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Ravi (Manager)     28 December 2020

Whether the income obtained as facilitator is taxable

Dear All,

I have a query. For instance, I have pooled up some money from the savings of my friends and relatives who pay the taxes duly, and I have outsourced it as an investment  for 10% returns to a trader/PMS to generate income through trading. And the trader/PMS paid the STT, GST and the short/long term capital gain taxes on the trading income and then he pays me back the invested amount plus 10% returns.  Finally I pay the original principal amount that I took from the friends and relatives back to them after an year, do I need to pay the tax on the profit (10% returns) I obtained on this transaction being a facilitator, as I see the taxes were duly paid on both ends of the transaction. i.e. Income tax will be paid from my friends and Tax on trading income is paid by the trader.

Regards

Ravi



 3 Replies

Fazil Ahmad

Fazil Ahmad   29 December 2020

Ofcourse you have to pay income tax on 10% income that you have earned in the whole process
Ansari Salman

Ansari Salman (Practice)     29 December 2020

Whether this profit will be taxable in your hands or not depends on the nature of this facilitator arrangement. If it is clear from the arrangement that your role is that of an agent, and you assume no risks and guarantee no returns, but are rather in a pure representative / advisory capacity, then the gain will not be taxed in your hands, and you will be taxed only w.r.t. any fees or commission you charge for this service. In determining whether you are acting in a representative/advisory capacity, factors like in whose name the title of the investments are held are taken into consideration.

Whereas if you acquire the investments in your own name, or assume any risk for such investments, or are guaranteeing a certain level of returns regardless of the actual performance of the investment, then your services are no longer in the nature of advisory/agent, and the income will be taxed in your hands, regardless of who the income is further transferred to. Kindly note two interesting implications of this type of arrangement:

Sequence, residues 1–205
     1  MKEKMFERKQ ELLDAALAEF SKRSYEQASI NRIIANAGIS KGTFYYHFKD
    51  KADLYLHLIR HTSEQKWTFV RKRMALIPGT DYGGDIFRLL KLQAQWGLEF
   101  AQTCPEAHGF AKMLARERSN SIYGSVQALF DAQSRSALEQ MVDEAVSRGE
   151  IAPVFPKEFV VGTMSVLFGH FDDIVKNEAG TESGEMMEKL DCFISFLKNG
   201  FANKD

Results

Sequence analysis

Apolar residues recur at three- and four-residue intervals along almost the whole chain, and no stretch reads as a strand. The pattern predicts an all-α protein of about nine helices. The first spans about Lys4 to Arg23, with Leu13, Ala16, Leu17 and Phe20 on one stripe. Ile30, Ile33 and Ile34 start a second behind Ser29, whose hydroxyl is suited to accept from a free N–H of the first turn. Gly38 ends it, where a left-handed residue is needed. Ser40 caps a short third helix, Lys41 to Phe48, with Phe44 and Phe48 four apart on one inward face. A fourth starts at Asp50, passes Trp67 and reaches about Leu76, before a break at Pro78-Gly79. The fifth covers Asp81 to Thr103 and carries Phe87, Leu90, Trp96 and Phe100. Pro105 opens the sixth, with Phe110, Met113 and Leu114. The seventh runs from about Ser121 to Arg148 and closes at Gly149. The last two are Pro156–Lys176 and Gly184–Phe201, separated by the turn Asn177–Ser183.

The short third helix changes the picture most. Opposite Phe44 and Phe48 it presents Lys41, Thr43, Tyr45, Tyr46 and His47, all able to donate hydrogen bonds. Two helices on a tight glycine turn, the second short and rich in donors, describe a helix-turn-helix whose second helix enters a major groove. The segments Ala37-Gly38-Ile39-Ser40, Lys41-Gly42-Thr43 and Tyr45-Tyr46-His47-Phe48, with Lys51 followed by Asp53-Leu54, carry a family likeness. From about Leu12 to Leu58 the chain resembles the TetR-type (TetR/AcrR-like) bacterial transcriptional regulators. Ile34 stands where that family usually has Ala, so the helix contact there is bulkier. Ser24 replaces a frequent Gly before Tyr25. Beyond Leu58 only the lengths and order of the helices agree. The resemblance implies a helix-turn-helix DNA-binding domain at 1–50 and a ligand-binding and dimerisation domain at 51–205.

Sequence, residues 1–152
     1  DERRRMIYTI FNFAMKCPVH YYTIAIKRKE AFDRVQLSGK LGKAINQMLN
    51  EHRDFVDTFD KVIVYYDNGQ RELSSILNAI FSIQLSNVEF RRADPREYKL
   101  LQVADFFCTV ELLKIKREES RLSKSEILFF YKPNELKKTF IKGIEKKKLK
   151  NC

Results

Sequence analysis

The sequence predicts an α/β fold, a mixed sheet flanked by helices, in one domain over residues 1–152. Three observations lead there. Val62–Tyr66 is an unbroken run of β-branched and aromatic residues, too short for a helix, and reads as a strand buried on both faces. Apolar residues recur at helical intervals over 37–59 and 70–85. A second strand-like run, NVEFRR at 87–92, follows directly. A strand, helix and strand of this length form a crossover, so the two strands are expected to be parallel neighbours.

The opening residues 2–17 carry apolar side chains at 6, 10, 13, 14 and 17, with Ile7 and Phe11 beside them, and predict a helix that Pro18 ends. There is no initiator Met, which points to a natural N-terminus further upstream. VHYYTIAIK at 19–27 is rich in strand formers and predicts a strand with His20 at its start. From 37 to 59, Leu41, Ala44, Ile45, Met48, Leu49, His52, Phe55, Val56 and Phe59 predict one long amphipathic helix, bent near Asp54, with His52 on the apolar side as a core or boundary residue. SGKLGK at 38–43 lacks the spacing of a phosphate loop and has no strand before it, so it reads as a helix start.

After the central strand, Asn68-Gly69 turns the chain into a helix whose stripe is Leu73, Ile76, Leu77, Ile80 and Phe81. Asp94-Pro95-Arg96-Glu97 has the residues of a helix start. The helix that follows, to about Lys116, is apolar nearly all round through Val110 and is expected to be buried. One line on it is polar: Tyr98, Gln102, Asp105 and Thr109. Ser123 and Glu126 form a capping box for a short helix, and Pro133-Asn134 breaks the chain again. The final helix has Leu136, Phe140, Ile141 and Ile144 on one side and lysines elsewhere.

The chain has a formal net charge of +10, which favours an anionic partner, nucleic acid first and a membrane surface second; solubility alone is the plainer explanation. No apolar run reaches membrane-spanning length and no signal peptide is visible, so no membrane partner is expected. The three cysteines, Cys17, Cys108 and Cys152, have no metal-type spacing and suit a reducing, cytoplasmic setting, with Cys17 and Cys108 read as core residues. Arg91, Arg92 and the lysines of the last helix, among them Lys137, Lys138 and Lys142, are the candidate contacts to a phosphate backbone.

1) Since the investments were not held in the name of friends and relatives, there will be no capital gain for them, and no tax payable thereon. The capital gain tax will be levied on you.

2) If you treat the savings given to you as one year loans and treat the repayments as including of 10% interest, then section 36(1)(iii) allows deduction of interest from dividends received on investments. Hence, unless the nature of 10% appreciation of investment is in the nature of capital gain (i.e. not as dividend), the 10% return will not be taxed in your hands as the exact same amount is deducted as interest. Further, the principal repayment will also attract no tax provided you received the amount through an account payee cheque or a bank draft, or by electronic transfer through a bank account.

Hence, even in the second method, the only tax payable should be by the actual investors and the income shall be income in the nature of interest.

Hope this helps.
Ravi

Ravi (Manager)     29 December 2020

Thank you all for the quick responses. I appreciate it.

Dear Ansari,

I have gone through your entire explanation and I feel there are some loose ends between your understanding and my problem statement. So, I wanted to re-explain it clearly, so that I want to know if your opinion still holds good.

Friends ---- > Not investors, just friends and so gave me as a loan with 0% interest, i.e. as a monetary help for a limited period of time, which I need to repay after the time period. They gave it out of their savings after paying tax on salaries.

Myself -------> I shall pool up the entire  amount and  I approach a known investor/trader Mr.X. This Mr.X, promises me to pay me 10% of the amount that I invest. This amount is the same that I obtained as a help from my friends.

Mr.X ----------> He does trading/investments in his own name and PAN, and he is liable to pay or pays the entire taxes (STT, GST, Captal Gain Taxes etc) at his end. Now, he pays me the 10% returns from the profit left after the taxation, along with the initial investment I invested with him, in the stipulated time period that we agreed upon initially. 

Myself--------> I shall retain 10% returns with me and pay back the principal amount that I took from my friends back again.

End of the Transaction.

Every transaction takes place through the online banking channels only.

Now, considering this scenario, please explain me how am I liable to the amount that I received after taxing it at Mr.X's end already. He just shares the amount from his profit after the tax. Doesn't it count as dual taxation if I have to pay taxes on it again? 

Do I need to maintain any book of accounts or audit for my scope of transactions??

Best Regards

Ravi

 


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